Master of Science (MS)
Jonathan S. Miller
Cook Canyon Tuff, Geochronology, Ignimbrite, Peach Spring Tuff, Supereruption, Zircon
Geology; Geochemistry; Petrology
The 18.8 Ma Peach Spring Tuff, Arizona, is a >600 km3 ignimbrite formed from the Miocene supereruption of Silver Creek caldera, Black Mountains, Arizona, and is an important Miocene stratigraphic bed in the southwestern United States. Peach Spring Tuff overlies the undated and less-voluminous Cook Canyon Tuff. Ion-microprobe and high-precision thermal ionization U-Pb dating of chemically abraded zircon crystals from Peach Spring Tuff and Cook Canyon Tuff reveal the crystallization history of both magma systems leading to eruption. A spread of U-Pb dates from ca. 18.1 to 22.0 Ma for Peach Spring Tuff relative to its 40Ar/39Ar age indicates variable Pb loss, with potential additional uncertainty due to complexities associated with 40Ar/39Ar dating. The youngest U-Pb crystallization date for Cook Canyon Tuff zircon crystals constrains the maximum eruption age to ca. 18.9 Ma, and indicates that eruption of the Cook Canyon Tuff preceded the Peach Spring Tuff eruption by no more than 2-3 x 105 years. The complex U-Pb zircon age spectra for both units indicate several 105 years of pre-eruptive magma residence, likely in a crystal mush state. When combined, the ages and trace elements for Peach Spring Tuff and Cook Canyon Tuff zircon crystals suggest that these two silicic magmas were derived from discrete but temporally and spatially overlapping magma systems.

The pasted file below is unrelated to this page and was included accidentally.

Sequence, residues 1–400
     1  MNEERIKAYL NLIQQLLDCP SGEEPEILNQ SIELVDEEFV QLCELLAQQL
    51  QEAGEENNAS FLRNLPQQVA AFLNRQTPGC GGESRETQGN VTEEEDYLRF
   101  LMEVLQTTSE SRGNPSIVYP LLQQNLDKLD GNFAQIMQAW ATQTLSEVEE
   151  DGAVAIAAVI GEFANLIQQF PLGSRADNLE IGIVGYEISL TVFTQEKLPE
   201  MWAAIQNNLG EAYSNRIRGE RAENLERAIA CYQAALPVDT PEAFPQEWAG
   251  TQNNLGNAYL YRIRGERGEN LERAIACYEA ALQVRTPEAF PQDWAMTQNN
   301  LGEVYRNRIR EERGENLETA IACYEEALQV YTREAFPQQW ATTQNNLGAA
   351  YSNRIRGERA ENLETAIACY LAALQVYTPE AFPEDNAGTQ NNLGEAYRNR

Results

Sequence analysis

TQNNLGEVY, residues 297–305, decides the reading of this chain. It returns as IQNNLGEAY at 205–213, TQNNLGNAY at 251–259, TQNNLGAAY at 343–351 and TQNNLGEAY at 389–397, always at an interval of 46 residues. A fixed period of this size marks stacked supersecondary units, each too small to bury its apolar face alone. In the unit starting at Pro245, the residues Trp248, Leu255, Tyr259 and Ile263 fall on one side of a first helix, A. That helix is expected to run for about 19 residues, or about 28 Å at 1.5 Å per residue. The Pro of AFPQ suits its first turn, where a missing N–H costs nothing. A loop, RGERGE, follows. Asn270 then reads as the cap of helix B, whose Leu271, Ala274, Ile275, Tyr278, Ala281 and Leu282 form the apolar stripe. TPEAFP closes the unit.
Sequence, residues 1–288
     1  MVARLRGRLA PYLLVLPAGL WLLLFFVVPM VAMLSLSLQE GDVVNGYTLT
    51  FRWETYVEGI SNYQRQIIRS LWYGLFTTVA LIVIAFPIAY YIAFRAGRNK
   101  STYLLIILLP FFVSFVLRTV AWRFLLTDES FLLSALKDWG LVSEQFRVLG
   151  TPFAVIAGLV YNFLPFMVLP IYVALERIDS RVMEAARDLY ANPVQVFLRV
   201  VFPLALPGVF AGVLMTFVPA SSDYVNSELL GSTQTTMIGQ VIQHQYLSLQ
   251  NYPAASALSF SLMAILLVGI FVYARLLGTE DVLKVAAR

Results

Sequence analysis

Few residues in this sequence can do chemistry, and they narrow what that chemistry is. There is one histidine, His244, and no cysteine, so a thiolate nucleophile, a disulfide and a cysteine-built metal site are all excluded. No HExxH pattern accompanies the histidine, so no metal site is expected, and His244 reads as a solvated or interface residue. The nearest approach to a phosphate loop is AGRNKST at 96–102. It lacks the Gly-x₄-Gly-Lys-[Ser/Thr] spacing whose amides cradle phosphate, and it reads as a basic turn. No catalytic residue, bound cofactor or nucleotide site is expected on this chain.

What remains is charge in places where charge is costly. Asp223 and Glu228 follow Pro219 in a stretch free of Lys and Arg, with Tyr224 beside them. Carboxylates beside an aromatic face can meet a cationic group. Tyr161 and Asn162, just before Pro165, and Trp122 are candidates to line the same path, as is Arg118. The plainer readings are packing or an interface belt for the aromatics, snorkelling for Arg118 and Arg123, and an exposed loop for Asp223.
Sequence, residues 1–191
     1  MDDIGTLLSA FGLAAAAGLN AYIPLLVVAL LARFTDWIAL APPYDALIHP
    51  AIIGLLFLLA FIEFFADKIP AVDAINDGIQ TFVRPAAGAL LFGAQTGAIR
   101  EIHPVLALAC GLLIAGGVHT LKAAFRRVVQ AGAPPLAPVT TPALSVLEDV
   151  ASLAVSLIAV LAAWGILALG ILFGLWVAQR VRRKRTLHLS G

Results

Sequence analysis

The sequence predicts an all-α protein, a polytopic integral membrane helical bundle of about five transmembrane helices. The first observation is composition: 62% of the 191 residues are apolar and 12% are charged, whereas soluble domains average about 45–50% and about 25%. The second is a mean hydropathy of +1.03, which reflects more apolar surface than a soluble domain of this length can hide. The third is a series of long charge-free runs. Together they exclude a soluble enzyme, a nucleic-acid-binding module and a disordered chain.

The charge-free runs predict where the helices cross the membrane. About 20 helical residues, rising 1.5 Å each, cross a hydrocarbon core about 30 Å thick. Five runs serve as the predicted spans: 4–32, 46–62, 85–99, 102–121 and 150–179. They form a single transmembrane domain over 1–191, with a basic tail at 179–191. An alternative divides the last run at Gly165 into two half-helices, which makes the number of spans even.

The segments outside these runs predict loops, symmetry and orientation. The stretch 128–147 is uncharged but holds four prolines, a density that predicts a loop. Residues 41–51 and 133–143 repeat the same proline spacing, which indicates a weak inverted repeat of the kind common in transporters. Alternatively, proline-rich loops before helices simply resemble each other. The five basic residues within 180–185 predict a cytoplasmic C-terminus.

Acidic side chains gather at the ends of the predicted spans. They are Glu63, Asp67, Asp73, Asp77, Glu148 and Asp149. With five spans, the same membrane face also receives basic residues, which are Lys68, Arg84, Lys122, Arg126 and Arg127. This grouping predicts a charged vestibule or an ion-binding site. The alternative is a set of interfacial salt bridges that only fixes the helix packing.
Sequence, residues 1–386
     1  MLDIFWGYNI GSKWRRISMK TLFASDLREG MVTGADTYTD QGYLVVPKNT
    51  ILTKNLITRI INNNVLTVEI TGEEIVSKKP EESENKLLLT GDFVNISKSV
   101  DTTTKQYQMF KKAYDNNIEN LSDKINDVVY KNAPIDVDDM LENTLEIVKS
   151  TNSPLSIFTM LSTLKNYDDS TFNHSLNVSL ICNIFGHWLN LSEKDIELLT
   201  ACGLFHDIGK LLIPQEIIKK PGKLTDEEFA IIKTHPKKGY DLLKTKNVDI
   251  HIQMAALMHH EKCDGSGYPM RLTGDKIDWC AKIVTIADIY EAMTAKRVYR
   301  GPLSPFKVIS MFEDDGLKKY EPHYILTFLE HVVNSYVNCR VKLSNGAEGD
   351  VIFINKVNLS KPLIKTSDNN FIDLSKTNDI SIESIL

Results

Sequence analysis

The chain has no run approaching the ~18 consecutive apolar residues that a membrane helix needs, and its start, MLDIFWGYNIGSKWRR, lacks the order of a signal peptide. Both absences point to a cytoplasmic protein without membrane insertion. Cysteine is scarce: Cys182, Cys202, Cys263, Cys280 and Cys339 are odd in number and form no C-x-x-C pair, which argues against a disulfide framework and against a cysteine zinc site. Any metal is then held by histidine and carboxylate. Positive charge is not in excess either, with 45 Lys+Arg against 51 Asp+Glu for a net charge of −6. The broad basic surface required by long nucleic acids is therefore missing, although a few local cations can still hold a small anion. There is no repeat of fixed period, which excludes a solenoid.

Lidzbarski, Marsha Izabella, "U-Pb Geochronology of the Miocene Peach Spring Tuff Supereruption And Precursor Cook Canyon Tuff, Western Arizona, USA" (2014). Master's Theses. 4502.